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British Association of Urological Surgeons (BAUS), Risks & Complications

British Association of Urological Surgeons publish Leaflet describing Risks of TVT

In March 2011, the MHRA held a workshop to consider how to make insertion of TVT, TOT or other types of synthetic mesh “a safer procedure”.  As a result of this workshop, the British Association of Urological Surgeons  published a patient information leaflet, which it claimed would supplement any advice patients may already have been given by their GP or other healthcare professionals.

To see a copy of the leaflet, click on link: http://www.baus.org.uk/Resources/BAUS/Documents/PDF%20Documents/Patient%20information/Sling_female.pdf

The leaflet, which explains that the “tape will remain in the body forever”, describes the risks of synthetic vaginal tapes for stress incontinence as follows:

Common (greater than 1 in 10)

  • Need to go to the toilet frequently, due to a feeling of having to rush (urgency) and, sometimes, with urine leakage due to urgency. Often, you will have experienced this before the procedure as well
  • Failure to improve urinary incontinence so that you still have bad leakage (some women still have mild leakage)
  • Inability to empty the bladder completely so that you need either to keep a catheter on all the time or you need to use a catheter several times a day to empty the bladder (intermittent self-catheterisation)
  • Infection
  • Slow urine flow
  • Recurrence of urinary incontinence; this can happen years after the tape has been inserted at later time
  • Pain: you will get some discomfort/pain for a while, usually where the skin was cut during the operation. TOT can cause thigh or groin pain. This can be relieved by simple painkillers in most cases but there are occasions where more powerful drugs are needed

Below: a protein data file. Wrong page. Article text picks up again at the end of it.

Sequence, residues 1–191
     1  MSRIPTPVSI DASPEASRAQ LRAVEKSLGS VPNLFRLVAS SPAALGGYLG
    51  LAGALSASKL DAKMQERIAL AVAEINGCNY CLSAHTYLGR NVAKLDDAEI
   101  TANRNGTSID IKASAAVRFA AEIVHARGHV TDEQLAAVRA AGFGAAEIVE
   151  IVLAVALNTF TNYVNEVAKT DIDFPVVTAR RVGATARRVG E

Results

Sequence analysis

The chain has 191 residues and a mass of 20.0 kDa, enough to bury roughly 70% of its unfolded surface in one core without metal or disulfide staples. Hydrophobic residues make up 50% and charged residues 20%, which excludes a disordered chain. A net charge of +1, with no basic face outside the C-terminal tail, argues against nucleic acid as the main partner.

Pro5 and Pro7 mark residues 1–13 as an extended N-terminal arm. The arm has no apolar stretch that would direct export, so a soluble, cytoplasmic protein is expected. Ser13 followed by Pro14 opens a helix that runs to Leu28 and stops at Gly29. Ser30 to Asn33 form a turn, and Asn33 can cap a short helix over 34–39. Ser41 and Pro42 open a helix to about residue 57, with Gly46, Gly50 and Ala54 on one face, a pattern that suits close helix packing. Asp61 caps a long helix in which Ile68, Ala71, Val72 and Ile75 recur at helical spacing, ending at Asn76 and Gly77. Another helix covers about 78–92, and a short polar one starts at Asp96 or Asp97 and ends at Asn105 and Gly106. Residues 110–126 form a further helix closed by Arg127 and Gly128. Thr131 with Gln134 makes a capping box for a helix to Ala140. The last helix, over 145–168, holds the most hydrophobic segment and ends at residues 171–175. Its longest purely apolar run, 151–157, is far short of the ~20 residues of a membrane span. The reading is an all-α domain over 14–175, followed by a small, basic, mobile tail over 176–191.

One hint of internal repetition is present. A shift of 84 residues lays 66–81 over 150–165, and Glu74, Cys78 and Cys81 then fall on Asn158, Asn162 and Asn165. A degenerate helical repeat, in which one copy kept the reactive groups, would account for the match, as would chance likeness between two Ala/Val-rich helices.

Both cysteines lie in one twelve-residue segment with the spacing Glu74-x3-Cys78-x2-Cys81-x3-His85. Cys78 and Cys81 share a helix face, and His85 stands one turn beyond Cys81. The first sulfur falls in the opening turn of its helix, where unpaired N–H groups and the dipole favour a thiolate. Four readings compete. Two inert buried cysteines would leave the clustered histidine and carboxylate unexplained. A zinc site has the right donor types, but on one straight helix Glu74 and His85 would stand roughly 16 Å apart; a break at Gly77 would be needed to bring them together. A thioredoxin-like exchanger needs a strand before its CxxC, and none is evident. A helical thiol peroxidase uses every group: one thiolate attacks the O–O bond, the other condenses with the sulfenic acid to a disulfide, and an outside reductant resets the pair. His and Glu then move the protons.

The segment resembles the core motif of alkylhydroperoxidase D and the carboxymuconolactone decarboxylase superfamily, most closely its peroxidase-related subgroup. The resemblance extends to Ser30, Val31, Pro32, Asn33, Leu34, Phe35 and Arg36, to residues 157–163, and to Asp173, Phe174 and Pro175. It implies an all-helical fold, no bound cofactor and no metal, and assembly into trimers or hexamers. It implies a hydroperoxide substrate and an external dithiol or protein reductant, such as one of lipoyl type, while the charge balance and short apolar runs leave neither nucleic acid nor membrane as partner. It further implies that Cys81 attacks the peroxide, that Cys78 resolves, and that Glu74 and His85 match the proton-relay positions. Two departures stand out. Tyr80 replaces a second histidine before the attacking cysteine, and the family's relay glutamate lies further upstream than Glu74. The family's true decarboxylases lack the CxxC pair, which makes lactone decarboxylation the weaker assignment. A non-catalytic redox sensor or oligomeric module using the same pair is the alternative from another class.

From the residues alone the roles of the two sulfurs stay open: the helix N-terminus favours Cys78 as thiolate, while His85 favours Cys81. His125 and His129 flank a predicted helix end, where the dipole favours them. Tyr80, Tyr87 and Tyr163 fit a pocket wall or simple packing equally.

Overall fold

Occasional (between 1 in 10 and 1 in 50)

  • Injury to the bladder during the TVT operation; the risk is much less for TOT surgery
  • Misplacement of the tape; this should be discovered at the time of surgery and the tape re-positioned correctly
  • Injury to surrounding tissues (e.g. bladder, rectum and blood vessels)
  • Erosion and migration of the tape into the vagina, bladder or urethra; this can happen several years after the tape was inserted. Symptoms such as recurrent urinary infection, change in urinary symptoms, vaginal discharge and discomfort during intercourse may occur

Rare (less than 1 in 50)

  • Reaction to the sling material (inflammation, infection or allergic) requiring removal

The leaflet explains what you should look out for after having this procedure.  For example, If you find it increasingly difficult to pass urine, or if you develop symptoms of a urine infection (burning, frequency and urgency), you should see your doctor promptly.

You should seek help from your doctor if you experience:

  • severe vaginal bleeding
  • severe abdominal pain or swelling
  • foul-smelling discharge from the wound
  • high fever (you should take your temperature if you suspect this)
  • pain when passing urine
  • difficulty in passing urine
  • pain or swelling of the calves

Alternatives to TVT & TOT

The leaflet mentions that there are alternative treatments and these can be discussed in more detail with your Surgeon or Specialist Nurse.

Give your Views

Please note that it is not clear whether patient groups have been involved in the production of this leaflet.  Do you feel that the leaflet emphasises the risks adequately?  Should the leaflet refer to the growing controversy surrounding synthetic mesh implants, so that women are fully informed?  If you feel that there are ways in which this leaflet could be improved to give better and more accurate information to women considering surgery, then you could write to the British Association of Urological Surgeons at the following address:

The British Association of Urological Surgeons Ltd
35-43 Lincoln’s Inn Fields
London, WC2A 3PE

Alternatively, you could email them using the on-line form: http://www.baus.org.uk/AboutBAUS/Contact-details

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